We investigate the effect of financial reporting complexity on stock comovement. We hypothesize that investors deal with complexity increases by acquiring low cost information. This information is typically informative not just about the firm of interest but also about other firms with similar fundamentals, which generates excess comovement. We find that increases in 10-Q word counts, a complexity proxy, are consistently followed by increases in 1) internet searches about the firm and 2) R2s from regressions between the firm’s returns and its peers’. On a large scale, complexity-induced comovement might hinder investors' ability to discriminate across stocks and identify business innovators.
This is an author-produced, peer-reviewed version of this article. © 2017, Elsevier. Licensed under the Creative Commons Attribution-NonCommercial-No Derivatives 4.0 license. Details regarding the use of this work can be found at: https://creativecommons.org/licenses/by/4.0/. The final, definitive version of this document can be found online at The North American Journal of Economics and Finance, doi: 10.1016/j.najef.2016.10.001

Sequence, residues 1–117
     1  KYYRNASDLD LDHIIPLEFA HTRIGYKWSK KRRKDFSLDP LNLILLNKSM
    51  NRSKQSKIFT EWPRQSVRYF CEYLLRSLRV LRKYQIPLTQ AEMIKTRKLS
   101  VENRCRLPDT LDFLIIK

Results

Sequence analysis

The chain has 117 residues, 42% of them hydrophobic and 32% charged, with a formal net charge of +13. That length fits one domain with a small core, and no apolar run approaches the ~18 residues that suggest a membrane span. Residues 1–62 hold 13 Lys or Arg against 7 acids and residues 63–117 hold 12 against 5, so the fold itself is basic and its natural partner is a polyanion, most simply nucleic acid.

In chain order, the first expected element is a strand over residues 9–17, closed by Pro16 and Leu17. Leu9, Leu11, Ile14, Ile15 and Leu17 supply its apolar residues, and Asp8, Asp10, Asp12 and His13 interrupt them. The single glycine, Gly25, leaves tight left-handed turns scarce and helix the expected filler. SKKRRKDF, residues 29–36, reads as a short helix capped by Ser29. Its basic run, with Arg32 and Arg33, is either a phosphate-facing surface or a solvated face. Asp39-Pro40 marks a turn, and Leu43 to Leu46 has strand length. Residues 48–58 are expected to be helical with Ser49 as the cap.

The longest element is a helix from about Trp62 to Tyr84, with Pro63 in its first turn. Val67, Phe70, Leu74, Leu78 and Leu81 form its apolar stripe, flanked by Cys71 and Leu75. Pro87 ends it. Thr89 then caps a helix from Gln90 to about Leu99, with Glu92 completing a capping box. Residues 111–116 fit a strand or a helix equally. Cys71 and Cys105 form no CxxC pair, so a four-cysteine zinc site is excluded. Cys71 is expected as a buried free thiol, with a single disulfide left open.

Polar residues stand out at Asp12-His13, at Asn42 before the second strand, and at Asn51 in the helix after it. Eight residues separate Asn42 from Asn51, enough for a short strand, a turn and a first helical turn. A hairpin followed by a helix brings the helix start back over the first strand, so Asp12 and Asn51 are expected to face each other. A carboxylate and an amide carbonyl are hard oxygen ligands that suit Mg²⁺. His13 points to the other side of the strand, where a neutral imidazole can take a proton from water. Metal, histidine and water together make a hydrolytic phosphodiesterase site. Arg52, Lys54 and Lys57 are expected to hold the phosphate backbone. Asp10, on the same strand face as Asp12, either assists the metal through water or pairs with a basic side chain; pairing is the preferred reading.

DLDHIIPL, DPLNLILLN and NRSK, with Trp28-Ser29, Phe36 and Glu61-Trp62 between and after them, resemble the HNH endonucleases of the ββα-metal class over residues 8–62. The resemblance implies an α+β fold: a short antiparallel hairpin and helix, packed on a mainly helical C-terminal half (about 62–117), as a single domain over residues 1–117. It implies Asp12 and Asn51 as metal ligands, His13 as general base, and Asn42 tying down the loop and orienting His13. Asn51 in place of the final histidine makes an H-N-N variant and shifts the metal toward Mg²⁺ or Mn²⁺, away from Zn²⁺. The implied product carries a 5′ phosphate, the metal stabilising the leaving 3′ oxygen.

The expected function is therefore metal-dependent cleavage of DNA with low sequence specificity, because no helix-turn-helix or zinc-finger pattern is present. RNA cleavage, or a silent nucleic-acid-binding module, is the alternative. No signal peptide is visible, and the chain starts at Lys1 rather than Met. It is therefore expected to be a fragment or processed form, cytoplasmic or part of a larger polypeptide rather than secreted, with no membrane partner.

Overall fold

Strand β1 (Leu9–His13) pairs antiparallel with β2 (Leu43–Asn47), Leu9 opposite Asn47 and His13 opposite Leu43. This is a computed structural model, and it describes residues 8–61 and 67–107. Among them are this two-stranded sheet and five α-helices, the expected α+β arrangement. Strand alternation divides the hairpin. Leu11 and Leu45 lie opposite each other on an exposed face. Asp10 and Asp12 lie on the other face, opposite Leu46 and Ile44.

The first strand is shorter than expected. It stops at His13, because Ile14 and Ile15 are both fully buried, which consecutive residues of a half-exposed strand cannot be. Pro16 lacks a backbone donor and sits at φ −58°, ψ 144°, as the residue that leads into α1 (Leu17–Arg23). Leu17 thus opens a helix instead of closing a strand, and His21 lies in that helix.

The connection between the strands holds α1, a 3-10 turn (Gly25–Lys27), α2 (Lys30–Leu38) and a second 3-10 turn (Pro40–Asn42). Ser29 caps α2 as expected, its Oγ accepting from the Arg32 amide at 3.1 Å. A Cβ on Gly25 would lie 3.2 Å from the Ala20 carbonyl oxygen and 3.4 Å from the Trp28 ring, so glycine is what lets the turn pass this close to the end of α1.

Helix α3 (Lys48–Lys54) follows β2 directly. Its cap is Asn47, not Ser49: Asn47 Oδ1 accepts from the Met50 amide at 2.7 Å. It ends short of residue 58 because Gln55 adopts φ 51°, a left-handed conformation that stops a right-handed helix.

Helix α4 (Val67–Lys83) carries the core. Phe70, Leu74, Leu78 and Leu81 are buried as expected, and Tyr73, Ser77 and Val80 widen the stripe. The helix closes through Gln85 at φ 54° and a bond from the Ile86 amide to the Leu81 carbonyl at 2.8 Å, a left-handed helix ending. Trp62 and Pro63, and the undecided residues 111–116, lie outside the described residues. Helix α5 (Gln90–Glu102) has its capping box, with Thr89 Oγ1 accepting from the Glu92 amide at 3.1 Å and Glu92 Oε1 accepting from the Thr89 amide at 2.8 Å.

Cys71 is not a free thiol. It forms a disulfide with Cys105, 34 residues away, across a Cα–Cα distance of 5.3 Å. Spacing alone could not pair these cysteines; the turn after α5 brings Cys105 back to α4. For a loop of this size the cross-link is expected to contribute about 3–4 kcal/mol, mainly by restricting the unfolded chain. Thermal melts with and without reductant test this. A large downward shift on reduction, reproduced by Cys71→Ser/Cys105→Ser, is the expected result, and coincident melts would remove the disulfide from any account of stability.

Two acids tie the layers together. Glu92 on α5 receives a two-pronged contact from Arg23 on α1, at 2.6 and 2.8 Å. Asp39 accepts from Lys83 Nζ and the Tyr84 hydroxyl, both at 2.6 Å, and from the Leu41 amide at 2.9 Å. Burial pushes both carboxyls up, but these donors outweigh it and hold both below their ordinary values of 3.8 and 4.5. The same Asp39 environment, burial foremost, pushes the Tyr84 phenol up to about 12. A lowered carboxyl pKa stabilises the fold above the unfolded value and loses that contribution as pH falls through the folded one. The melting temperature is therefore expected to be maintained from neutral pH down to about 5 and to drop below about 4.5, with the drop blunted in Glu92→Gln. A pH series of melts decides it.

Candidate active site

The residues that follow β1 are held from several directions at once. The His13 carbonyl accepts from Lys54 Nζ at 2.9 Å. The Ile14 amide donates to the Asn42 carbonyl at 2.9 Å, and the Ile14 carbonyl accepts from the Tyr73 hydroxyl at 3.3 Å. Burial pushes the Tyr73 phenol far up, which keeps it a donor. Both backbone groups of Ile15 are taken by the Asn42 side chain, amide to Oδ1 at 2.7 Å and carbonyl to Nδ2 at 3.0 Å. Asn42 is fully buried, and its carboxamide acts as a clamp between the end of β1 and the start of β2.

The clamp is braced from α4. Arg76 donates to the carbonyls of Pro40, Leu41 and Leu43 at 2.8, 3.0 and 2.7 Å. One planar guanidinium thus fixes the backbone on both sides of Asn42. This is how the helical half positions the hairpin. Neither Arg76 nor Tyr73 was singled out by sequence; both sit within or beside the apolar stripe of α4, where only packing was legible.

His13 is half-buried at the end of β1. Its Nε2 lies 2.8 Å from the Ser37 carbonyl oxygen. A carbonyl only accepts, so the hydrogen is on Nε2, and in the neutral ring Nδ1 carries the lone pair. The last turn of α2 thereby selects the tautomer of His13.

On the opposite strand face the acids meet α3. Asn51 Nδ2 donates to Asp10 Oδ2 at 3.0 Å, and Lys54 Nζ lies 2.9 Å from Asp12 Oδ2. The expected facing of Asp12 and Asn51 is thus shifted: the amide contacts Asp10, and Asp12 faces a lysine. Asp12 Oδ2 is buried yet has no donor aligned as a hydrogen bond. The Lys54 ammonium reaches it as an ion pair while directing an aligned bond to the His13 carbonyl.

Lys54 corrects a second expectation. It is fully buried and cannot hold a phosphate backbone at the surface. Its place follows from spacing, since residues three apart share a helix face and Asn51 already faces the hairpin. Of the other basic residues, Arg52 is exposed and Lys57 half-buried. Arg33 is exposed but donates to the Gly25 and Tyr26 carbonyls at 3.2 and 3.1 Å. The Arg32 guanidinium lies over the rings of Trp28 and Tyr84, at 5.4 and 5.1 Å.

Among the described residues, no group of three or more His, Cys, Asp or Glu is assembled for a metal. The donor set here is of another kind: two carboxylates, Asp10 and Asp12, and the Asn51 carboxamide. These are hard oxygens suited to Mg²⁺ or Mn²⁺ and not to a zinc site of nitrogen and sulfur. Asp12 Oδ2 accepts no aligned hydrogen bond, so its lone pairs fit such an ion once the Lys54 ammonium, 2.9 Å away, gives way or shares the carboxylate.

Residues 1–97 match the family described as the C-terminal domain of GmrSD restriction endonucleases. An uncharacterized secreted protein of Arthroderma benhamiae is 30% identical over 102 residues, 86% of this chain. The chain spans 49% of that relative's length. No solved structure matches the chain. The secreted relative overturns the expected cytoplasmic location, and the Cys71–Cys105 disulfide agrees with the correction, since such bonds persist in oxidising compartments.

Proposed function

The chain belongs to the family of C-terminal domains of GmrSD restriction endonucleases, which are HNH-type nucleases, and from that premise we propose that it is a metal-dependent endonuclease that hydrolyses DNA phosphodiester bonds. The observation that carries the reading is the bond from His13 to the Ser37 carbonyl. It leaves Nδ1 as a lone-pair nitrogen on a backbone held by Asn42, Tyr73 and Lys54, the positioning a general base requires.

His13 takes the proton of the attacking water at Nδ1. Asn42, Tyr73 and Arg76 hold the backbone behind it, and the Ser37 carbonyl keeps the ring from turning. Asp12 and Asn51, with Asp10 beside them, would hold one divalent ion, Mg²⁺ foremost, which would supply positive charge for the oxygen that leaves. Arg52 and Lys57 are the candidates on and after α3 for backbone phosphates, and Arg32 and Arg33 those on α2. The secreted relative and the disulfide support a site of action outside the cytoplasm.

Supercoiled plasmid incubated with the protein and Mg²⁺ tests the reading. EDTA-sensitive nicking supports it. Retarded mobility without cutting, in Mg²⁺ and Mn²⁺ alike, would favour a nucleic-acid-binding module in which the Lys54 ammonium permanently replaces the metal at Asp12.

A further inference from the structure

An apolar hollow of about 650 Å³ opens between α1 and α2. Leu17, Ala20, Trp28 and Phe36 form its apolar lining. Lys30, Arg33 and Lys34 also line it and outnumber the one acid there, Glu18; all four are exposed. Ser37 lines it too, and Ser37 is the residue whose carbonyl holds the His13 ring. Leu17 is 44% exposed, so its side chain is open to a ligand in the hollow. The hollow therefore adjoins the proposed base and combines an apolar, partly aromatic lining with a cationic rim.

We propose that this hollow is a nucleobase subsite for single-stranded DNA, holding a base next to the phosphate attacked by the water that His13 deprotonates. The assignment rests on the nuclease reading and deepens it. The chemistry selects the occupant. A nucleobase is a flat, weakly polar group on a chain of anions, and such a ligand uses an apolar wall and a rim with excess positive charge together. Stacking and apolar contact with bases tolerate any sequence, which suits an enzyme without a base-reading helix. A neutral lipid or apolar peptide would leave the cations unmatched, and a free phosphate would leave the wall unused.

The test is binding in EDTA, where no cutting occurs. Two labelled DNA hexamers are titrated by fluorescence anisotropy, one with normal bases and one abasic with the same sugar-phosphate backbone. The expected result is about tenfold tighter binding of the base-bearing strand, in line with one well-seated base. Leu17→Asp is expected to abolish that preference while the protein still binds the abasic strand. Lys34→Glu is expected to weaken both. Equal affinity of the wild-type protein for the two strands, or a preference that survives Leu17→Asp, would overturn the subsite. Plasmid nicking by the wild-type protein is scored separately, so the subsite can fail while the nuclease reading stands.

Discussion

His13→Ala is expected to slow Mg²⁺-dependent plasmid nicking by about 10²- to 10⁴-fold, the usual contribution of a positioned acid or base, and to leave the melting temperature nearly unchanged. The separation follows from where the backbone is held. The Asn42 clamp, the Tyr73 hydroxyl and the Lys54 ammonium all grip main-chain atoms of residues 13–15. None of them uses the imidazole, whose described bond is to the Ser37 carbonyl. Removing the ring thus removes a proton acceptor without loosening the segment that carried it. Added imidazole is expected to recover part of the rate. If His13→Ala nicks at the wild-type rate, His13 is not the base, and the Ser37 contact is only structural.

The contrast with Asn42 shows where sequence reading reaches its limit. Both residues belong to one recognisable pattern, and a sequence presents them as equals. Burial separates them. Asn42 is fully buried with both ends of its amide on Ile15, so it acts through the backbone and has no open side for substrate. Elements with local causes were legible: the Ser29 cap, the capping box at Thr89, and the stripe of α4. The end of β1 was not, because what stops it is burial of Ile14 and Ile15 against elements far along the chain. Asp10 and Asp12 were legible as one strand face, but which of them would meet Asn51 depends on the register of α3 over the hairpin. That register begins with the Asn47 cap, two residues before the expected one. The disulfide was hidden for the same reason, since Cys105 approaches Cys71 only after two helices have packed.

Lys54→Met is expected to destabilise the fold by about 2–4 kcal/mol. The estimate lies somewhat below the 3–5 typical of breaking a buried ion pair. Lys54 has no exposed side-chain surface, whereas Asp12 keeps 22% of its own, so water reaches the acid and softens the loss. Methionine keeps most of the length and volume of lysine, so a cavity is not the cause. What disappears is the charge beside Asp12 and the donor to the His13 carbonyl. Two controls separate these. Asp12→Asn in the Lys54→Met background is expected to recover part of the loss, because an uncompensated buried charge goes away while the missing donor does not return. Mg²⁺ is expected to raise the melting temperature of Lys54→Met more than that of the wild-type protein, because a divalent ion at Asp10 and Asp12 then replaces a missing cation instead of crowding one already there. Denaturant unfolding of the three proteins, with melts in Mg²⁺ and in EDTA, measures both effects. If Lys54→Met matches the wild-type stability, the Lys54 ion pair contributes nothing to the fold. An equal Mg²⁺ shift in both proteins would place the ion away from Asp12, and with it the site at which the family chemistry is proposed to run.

Filzen, Joshua J. and Schutte, Maria Gabriela. (2017). "Comovement, Financial Reporting Complexity, and Information Markets: Evidence from the Effect of Changes in 10-Q Lengths on Internet Search Volumes and Peer Correlations". The North American Journal of Economics and Finance, 39, 19-37. http://dx.doi.org/10.1016/j.najef.2016.10.001
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